For a hot minute, Threads looked like it would become the next Twitter or Instagram, but momentum was lost when a lot of the features people were expecting just weren’t there. They may rebuild, but as of August 2023, just about 8 million users were logging in daily, a far cry from the initial 100 million, and even that number is on the decline. 

Will Threads be a one-hit wonder, or will it be able to claw its way back into the ‘socialmediaverse’? And should we scramble to make a BeReal account, or start streaming on Twitch? All good questions. And if you haven’t already, it’s probably time to think about your social media strategy and how new platforms fit into it. Here are some ideas to get your started:

1.    Determine your Goals

First, what is your organization’s goal with using social media? Is it awareness, brand loyalty, or just cold hard cash sales? To determine what makes the most sense, consider the decision-making process. For example, if your product is very expensive or requires a lot of effort to implement, then just building trust and awareness is a good start. 

However, you should also note that 76% of social media users ultimately end up purchasing something they saw on social media (source: Forbes). So, if you can grab a share of the billions of users and convert them to sales, there is potential for real benefit to your bottom line. 

Goals and metrics go hand-in-hand. What you’re trying to achieve (and be realistic, taking one manageable step at a time) will determine which metrics you need to monitor along the way.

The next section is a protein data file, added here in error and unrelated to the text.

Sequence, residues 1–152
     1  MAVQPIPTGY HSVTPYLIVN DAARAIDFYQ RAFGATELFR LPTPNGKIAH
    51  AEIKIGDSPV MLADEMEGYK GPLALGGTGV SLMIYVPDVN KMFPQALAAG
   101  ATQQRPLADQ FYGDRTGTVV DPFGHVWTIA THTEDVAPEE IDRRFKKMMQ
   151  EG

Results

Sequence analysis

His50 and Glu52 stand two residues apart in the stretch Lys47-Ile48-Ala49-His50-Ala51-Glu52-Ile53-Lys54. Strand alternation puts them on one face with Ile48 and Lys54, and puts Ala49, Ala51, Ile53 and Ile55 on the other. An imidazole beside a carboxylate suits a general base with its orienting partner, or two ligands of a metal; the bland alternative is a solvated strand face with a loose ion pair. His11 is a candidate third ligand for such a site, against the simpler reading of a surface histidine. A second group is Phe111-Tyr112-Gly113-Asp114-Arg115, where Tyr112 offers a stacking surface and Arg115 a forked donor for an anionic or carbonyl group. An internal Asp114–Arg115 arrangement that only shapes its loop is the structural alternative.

2.    Consider your Demographic

Next, focus your efforts on where you would most likely encounter your target demographic. Take a look at the key demographics for some of the major social media platforms. (Source: techtarget.comdataportal.com, and thesocialshepherd.com)

  • Facebook: While the majority of Facebook users are between 18 and 34, in the US, apparently more than 60% of adults over the age of 65 also use it. 
  • YouTube: Largest group is ages 25-34, but there is also a broader range since ages 18-44 account for most of the usage. 
  • Instagram: For targeting a younger demographic; Millennials and Gen Zers – since 70% of users are under 34. 
  • TikTok: Nearly 50% of users are under 30.
  • Twitter: Hits a majority male audience with almost 70% of users being male and between the ages of 25 and 49.
  • Twitch: Nearly 80% are male, majority between 18 and 24. This platform focuses mainly on live-streaming, with gamers and musicians creating much of the content. 
  • BeReal: Skews female, especially outside of the US, and the largest age group is between 26 and 44 years. Note that there are virtually no users over 45, so the demographic is most likely to be women in their 20s and 30s. This up-and-coming platform encourages users to be authentic by prompting them to post 360 degree photos that cannot be filtered.